Manhattan Borough President Gale A. Brewer issued her formal recommendation on the Inwood rezoning proposal working its way through the city’s Uniform Land Use Review Procedure (ULURP), rejecting the plan in its current form and outlining the protections for local businesses and area tenants that would be needed for the plan to win her support.
“Inwood is a vibrant, multicultural neighborhood with a huge amount of rent-stabilized housing and locally owned and operated businesses that provide an economic anchor for the community. Displacement is a threat that’s already facing Inwood, with or without a rezoning. One test a rezoning plan must withstand is how much it does to counteract displacement,” said Manhattan Borough President Gale A. Brewer. “A rezoning could add sorely-needed new housing with guaranteed, permanently affordable units, but it cannot work unless it includes stronger protections and support for existing local businesses and tenants.”
The de Blasio administration’s Inwood rezoning plan proposes several major changes affecting different parts of the neighborhood:
- The Sherman Creek section, mostly east of Tenth Avenue between West 202nd Street and West 207th Street, would be rezoned to allow manufacturing spaces to be converted for medium- and high-density residential use.
- The area known as the “Commercial U,” which forms Inwood’s “Main Street” of mostly one- and two-story commercial buildings, would be classified as a subdistrict allowing development of medium-density residential, commercial, and mixed-use buildings, and the Mandatory Inclusionary Housing (MIH) program’s requirements would apply to new residential and mixed-use developments there.
- The “Upland Wedge” subdistrict would be rezoned, allowing high-density residential development (with MIH requirements) where heavy commercial uses like auto repair shops now exist;
- The “Tip of Manhattan” subdistrict (formed by West 218th Street east of Tenth Avenue and the area east of Ninth Avenue from West 218th Street to West 220th Street) would be rezoned to permit the conversion of manufacturing uses to high-density residential uses.
- Contextual requirements (including a height cap) would be added to the “Upland Core” to preserve the current neighborhood context of mid-rise buildings.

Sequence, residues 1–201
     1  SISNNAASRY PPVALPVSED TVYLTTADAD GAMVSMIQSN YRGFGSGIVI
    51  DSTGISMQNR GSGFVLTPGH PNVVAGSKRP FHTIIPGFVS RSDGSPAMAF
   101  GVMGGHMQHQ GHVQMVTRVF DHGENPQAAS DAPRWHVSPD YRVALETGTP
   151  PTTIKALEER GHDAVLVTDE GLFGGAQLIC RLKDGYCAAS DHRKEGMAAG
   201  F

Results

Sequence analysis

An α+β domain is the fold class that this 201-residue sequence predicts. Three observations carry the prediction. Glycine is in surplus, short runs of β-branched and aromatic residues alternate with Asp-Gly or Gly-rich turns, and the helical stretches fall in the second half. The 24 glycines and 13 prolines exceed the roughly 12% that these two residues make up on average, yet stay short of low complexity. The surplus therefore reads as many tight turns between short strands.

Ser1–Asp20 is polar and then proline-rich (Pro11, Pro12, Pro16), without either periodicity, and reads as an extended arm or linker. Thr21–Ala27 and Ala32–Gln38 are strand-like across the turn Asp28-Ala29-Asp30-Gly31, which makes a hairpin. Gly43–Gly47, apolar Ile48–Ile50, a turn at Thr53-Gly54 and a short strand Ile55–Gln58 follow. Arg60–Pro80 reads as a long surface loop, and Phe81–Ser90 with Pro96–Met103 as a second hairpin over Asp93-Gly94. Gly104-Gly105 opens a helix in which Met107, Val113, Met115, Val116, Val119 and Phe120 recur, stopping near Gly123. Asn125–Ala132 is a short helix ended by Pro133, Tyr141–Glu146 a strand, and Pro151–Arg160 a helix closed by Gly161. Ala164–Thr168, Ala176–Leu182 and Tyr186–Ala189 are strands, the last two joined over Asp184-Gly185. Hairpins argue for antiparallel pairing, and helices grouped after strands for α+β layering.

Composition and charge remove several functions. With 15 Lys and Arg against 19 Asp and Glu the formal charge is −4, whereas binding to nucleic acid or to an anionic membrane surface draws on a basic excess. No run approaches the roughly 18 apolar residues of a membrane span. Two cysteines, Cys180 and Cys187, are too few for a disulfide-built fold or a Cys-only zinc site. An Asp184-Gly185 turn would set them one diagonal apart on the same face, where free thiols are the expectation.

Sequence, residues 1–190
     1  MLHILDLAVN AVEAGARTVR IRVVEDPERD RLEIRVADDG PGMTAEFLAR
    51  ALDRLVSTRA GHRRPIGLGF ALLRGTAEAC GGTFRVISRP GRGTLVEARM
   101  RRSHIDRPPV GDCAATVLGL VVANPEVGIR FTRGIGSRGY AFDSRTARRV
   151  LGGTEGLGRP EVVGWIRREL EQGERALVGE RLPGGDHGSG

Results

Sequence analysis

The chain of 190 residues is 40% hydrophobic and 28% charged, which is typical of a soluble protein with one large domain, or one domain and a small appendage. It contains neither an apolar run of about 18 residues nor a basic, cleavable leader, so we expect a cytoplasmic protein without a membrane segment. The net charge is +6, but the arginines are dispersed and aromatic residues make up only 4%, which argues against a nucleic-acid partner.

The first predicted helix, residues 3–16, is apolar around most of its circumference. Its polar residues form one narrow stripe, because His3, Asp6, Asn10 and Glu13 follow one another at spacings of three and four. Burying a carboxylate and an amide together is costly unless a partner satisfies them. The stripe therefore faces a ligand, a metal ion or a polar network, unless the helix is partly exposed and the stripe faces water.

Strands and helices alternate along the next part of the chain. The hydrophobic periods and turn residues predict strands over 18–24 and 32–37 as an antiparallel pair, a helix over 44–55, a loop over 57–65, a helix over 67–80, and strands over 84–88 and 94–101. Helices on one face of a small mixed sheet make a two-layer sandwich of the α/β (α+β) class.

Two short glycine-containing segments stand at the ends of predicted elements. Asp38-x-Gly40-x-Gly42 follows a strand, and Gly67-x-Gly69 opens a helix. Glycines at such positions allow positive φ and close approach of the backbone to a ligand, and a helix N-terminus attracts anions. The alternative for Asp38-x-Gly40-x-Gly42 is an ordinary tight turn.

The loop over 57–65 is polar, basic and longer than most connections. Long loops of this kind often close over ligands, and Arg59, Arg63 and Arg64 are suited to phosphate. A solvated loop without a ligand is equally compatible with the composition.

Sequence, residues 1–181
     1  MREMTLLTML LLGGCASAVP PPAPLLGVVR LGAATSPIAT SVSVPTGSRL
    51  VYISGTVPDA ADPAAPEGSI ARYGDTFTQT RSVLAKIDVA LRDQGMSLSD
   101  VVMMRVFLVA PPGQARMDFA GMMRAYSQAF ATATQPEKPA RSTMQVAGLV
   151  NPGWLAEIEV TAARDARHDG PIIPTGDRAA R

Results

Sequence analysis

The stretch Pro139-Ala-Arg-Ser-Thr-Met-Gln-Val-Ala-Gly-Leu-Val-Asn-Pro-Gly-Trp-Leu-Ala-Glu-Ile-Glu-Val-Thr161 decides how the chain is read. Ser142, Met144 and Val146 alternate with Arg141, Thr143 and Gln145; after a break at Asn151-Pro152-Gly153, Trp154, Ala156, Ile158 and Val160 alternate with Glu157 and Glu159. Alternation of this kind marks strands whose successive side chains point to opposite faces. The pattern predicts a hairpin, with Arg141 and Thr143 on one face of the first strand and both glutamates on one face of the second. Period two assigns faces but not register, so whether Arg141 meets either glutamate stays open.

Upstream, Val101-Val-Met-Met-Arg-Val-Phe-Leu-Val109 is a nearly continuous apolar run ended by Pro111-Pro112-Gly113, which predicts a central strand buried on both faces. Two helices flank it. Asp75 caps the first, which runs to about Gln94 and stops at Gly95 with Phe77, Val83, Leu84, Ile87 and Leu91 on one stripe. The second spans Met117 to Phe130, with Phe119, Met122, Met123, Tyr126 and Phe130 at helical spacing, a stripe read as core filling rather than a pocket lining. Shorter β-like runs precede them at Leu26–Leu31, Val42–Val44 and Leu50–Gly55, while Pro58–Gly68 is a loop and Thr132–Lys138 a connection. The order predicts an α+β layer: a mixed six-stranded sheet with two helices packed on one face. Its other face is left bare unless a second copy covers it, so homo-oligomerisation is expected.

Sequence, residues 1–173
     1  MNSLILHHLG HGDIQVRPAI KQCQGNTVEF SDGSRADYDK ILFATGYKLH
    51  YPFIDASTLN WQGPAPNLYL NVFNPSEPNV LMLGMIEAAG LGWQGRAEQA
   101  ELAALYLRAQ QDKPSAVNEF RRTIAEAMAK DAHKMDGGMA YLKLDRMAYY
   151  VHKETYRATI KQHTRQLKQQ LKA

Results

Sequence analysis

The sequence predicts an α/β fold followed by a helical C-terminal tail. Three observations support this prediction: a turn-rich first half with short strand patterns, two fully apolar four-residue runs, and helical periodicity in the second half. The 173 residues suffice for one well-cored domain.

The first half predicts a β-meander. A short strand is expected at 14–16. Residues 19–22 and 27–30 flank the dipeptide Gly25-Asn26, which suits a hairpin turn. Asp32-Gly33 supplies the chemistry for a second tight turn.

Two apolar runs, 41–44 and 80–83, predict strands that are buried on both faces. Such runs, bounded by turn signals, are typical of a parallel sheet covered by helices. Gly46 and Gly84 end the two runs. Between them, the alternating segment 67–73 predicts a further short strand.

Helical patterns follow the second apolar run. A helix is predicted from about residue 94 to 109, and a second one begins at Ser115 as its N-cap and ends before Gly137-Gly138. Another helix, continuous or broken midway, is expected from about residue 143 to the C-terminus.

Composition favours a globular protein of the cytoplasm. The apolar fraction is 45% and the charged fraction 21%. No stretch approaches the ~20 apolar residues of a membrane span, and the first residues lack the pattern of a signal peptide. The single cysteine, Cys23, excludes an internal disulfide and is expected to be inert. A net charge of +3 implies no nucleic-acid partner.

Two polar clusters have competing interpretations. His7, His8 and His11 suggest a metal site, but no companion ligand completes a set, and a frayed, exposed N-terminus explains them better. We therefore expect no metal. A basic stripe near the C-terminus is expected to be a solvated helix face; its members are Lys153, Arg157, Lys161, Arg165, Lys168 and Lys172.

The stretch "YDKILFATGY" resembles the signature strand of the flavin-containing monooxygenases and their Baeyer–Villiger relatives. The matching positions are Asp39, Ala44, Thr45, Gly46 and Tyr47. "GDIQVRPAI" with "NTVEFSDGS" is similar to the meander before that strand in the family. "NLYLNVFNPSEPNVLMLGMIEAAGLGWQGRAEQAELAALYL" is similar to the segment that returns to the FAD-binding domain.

Brewer wrote in her recommendation that she could not support the plan as it stands today, and outlined a series of changes and additions she believes are necessary for the plan to deliver sufficient affordable housing and benefits for the community while minimizing harm and displacement. These include:
- Creating more new affordable housing, with a higher percentage of units at rents that are accessible for the average current Inwood resident.
Brewer pointed to two city-owned sites in the rezoning area that could easily generate more than 1,000 units of affordable housing in 100-percent affordable developments.
– Brewer also pointed to an apparently underutilized site owned by the federal Department of Justice that could produce another 100-percent affordable development if acquired by the city.
– Brewer called on the city to commit to using the deepest affordability option of the Mandatory Inclusionary Housing program to provide housing targeted to 30 percent of Area Median Income, which would make more of the affordable units generated accessible to average Inwood tenants.
– Brewer called on the city to pursue a plan that produces a significantly higher percentage of new affordable units than the current plan, with a goal of more than 50 percent of new units being affordable.
- The addition of policies and programs that will help current tenants remain in their homes.